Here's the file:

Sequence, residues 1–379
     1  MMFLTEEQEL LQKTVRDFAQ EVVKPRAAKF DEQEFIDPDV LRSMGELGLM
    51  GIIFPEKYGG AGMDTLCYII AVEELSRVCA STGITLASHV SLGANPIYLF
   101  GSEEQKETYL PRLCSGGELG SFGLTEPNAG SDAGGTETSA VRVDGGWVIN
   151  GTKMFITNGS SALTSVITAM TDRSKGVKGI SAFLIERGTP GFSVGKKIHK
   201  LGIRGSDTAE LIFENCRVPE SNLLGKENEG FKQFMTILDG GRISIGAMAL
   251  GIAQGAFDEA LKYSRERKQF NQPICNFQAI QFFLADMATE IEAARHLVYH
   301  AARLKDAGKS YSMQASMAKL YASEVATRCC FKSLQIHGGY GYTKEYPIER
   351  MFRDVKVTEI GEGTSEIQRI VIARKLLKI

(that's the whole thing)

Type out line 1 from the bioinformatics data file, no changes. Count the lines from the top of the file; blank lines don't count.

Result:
Sequence, residues 1–379